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Paul Kane, “Senate’s seniority rules raise questions when presidential succession is at stake,” Washington Post:

“A random quirk in Senate custom grants the position of president pro tempore to the longest-serving member of the majority party. While largely honorific, that post falls behind the vice president and House speaker in the line to the nation’s highest office.”

Elise Bean, “Congress must use bipartisan oversight as the gold standard,” The Hill:

“If Democrats take control of the House, they have a choice. If they follow the partisan path trod by some Republicans, they will produce the same unfortunate results, generating more noise than light and continuing to sour the American people on Congress. If the goals instead are to achieve meaningful reforms and restore public confidence in Congress, the majority party needs to aim for the gold standard in oversight with fact based and bipartisan policy oriented investigations.”

Jennifer Shutt, “Budget Overhaul Panel Dances With Deadline,” Roll Call:

“A special bicameral panel established to try to overhaul the annual budget process won’t reach a final agreement before the House leaves on Friday for its six-week midterm election break. But its members will meet privately one more time before the lame duck session to discuss various proposals that could become part of a final bill.”

Lindsey McPherson, “House Democrats Briefly Consider Upping Speakership Vote Threshold, Drop Proposal for Now,” Roll Call:

“House Democrats on Wednesday briefly discussed a proposal to require their candidate for speaker to secure 218 votes in the caucus vote instead of a simple majority. The proposal was dropped, for now.”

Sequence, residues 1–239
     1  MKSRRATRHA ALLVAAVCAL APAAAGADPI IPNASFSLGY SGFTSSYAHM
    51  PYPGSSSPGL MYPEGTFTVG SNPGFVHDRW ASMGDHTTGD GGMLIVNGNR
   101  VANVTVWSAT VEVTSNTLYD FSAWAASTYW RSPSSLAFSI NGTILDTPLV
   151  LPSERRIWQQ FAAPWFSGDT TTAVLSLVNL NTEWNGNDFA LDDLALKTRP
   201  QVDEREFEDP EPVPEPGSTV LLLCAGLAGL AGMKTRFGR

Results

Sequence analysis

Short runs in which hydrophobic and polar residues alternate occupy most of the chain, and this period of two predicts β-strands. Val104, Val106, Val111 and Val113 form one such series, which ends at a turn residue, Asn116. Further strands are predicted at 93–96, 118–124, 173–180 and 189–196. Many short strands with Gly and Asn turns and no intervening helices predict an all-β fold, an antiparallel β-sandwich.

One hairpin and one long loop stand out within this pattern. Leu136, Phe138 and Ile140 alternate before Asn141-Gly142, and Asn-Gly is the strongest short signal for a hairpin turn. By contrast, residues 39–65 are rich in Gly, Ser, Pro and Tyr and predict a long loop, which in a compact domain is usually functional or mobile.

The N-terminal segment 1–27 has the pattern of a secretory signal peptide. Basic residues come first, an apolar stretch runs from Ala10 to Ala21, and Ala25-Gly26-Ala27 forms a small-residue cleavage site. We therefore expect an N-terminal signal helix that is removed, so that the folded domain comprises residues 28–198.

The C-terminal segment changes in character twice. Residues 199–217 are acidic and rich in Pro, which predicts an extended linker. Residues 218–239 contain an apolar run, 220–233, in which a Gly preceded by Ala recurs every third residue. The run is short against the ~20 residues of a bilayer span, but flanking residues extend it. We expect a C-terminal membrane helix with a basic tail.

Al Weaver, “The man who would be speaker,” Washington Examiner:

“The majority leader is a shrewd political calculator and he’s redoubled his efforts to help Republicans keep hold of their precarious majority. He keeps alive his allied hope of replacing Rep. Paul Ryan as speaker of the House. The gavel might have been his three years ago, but he blew the race and had swiftly to abandon it.”

Mike DeBonis, “Pelosi critics fire warning shot, but Democrats agree to delay leadership scramble till November,” Washington Post:

“House Democrats on Wednesday took their simmering debate over the leadership of Nancy Pelosi off the front burner, agreeing to postpone until after the midterm elections an internal fight over election rules that could undermine the 16-year party leader.”

Rachel Bade, “Women’s caucus rebels against Pelosi’s grip,” Politico:

“A battle is underway for control of the Democratic Women’s Working Group, a little-known caucus aiming to vastly boost its profile and influence in the next Congress.”

Jamie Lovegrove, “Prospect of Jim Clyburn as House speaker ‘a game changer for South Carolina’,” Post and Courier:

“The path remains far from certain, but South Carolina Democrats are already giddy at the possibility that longtime U.S. Rep. Jim Clyburn could become the next speaker of the House.”

Lindsey McPherson, “Pete Aguilar Announces Bid for Democratic Caucus Vice Chair Against Katherine Clark,” Roll Call:

“Aguilar, whip for the Congressional Hispanic Caucus, is probably best known for his efforts to find a legislative solution for so-called Dreamers, young undocumented immigrants that could face deportation if President Donald Trump’s efforts to end the Deferred Action for Childhood Arrivals program ultimately succeed in court.”

Mike DeBonis, “Centrist lawmakers band together to demand House reforms from next speaker,” Washington Post:

“Nineteen House members say that, come January, they will not vote for any speaker candidate who does not agree to support a package of rules changes that could dramatically change how the chamber operates.”

Lindsey McPherson, “More Problem Solvers Members Pledge to Tie Speaker Vote to Rule Changes,” Roll Call:

“Trying to show their push to amend House rules to create more bipartisan legislative processes is serious, the Problem Solvers Caucus announced Thursday that 19 of its members are willing to oppose any speaker candidate who won’t bring about change.”